The Obama administration is making it clear every way they possibly can that they are willing to do whatever they can to help Detroit weather this crisis – except to offer a bailout. That option is off the table, so forget about it.
Politically, I can see why this option wasn’t going to happen, especially given the leanings of Congress. Detroit represents everything the majority Republicans can’t stand, namely a predominantly African American, overwhelmingly Democratic city that still believes in the necessity of unions. If a bailout requires action that has to receive blessings from Congress then that’s out.
Still, the fact that they are meeting with local leaders to try and see what can be done is a positive sign that they at least acknowledge the need to participate in devising a solution for Detroit rather than sitting on the sidelines. Unfortunately, so long as Detroit is forced to remain under the thumb of an illegitimate yet all-powerful Emergency Manager appointed by a Governor who disregards the will of his own constituents (he ignored their repeal of the Emergency Manager law during last November’s elections and then shoved an identical EM law down their throats in December in a lame duck session of the Michigan Legislature), it is hard to see how productive these talks can be since none of Detroit’s elected leaders were included in the discussion – nor was EM Kevyn Orr. I’m assuming the upcoming local elections in November may be the reason why none of the current elected leaders were included, but since pretty much everything related to the city has to go through Orr, rightly or wrongly, it seems strange he wasn’t at the table either.
Let me make it plain that I don’t approve of Orr being involved in anything related to Detroit, which is why I say he is illegitimate. However, since he has been given the reins, at least for the moment, it would seem that his office would have had to be included in any high-level Detroit overhaul talks since not much can happen without him. As for our elected officials, I would think a better approach this discussion group could have taken, rather than only tapping folks like Quicken Loans CEO Dan Gilbert and former Detroit Mayor Dennis Archer, would have been to still include the current elected leadership, since they are still our elected leaders regardless of Kevyn Orr and regardless of the upcoming election which has not happened yet, and then to include whoever is elected to fill their seats after November. But meanwhile, the input of our currently elected leaders should still count for something since we Detroiters elected them.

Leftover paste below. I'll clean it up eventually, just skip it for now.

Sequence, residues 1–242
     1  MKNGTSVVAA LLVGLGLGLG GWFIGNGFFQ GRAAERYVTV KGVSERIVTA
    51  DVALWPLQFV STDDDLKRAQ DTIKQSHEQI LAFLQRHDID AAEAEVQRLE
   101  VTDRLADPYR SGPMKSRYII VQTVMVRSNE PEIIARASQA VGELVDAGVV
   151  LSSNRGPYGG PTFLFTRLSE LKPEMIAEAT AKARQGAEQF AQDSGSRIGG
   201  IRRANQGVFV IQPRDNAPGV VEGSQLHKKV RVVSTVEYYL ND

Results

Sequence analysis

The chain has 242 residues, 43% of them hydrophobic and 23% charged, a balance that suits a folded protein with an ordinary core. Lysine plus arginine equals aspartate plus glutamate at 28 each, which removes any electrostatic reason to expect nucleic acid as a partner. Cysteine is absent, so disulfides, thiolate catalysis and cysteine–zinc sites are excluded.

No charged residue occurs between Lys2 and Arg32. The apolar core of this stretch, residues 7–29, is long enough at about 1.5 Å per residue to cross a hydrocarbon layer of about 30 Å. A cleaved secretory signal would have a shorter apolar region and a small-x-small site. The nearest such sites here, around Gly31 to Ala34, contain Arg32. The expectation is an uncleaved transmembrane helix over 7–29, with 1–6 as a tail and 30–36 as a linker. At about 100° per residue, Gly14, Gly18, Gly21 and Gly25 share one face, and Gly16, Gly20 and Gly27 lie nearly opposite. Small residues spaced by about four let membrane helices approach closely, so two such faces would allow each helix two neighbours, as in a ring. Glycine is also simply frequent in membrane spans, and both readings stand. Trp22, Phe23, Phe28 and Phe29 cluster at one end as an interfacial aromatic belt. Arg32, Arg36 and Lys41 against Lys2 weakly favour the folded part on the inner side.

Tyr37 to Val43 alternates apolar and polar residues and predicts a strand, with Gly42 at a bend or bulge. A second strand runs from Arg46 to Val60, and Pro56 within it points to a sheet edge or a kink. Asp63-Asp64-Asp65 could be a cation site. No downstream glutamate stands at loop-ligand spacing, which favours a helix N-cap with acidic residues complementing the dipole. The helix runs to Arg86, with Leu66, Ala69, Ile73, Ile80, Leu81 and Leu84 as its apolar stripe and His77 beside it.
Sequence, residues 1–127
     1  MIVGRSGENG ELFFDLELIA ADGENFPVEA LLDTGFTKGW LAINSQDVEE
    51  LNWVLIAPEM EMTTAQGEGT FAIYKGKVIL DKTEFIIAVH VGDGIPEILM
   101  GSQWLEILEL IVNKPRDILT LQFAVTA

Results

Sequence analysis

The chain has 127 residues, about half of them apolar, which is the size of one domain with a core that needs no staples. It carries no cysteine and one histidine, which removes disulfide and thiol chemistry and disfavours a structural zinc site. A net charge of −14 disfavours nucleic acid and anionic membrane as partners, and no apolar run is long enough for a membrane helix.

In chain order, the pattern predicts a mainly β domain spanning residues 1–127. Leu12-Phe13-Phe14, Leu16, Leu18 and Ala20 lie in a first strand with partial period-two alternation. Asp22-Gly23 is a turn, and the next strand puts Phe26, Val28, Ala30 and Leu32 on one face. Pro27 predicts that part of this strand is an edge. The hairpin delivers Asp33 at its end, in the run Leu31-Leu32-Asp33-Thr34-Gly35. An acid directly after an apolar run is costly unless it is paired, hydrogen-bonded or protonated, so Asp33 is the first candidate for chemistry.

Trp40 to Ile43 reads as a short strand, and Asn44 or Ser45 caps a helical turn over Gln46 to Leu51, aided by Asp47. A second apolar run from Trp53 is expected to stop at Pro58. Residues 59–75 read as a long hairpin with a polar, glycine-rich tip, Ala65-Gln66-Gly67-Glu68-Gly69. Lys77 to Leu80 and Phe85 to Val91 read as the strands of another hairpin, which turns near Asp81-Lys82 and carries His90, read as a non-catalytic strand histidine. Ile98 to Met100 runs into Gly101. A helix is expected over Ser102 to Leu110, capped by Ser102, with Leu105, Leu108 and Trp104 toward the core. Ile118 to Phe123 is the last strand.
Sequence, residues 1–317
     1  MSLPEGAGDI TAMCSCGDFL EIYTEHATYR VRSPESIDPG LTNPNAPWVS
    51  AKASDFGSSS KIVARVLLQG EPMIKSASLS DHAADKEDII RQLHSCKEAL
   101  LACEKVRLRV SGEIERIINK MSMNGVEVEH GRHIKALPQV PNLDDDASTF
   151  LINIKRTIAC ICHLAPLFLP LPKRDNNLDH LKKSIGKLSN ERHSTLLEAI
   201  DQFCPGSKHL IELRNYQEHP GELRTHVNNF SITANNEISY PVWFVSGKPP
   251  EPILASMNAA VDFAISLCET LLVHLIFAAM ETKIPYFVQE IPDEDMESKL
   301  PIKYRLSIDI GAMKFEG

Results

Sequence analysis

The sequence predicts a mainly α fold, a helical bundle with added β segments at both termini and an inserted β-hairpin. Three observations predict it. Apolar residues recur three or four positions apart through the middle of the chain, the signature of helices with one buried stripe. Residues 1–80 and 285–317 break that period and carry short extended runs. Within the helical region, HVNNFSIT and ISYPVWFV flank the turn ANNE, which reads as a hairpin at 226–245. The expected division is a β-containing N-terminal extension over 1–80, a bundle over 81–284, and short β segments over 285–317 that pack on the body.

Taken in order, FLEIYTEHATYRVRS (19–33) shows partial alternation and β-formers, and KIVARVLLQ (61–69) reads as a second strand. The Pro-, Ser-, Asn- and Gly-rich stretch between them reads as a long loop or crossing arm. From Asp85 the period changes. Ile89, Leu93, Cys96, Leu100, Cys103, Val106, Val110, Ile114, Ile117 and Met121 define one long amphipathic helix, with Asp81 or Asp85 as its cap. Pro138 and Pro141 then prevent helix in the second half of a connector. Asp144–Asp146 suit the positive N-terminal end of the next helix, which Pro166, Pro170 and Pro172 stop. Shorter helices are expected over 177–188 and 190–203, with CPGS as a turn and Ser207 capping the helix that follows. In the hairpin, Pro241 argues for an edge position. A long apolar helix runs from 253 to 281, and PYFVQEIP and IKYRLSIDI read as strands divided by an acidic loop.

From the Detroit News:
Initially, President Obama had tasked some of his aides to keep close tabs on how the city was faring, and now the administration is on a more policy footing, looking at ways of helping the city grants. The White House has asked all of its cabinet offices to consider how the federal government can help through existing programs.
Corporate heavyweights such as Ford Motor Co. Executive Chairman Bill Ford Jr. and industrial mogul Roger Penske were invited to attend, but Penske was in Australia. The administration intends to hold future meetings with community leaders in Detroit, as well as additional meetings with business and civic leaders.
“This was not intended to be a final word,” said one participant in the meeting. “It was a preliminary sounding on what is possible and what is not. It was quite remarkable.”
What would be even more remarkable is if they would acknowledge in these upcoming meetings that Detroit has elected leaders who should also be included in these discussions about Detroit since that’s what they were elected to do by Detroit residents.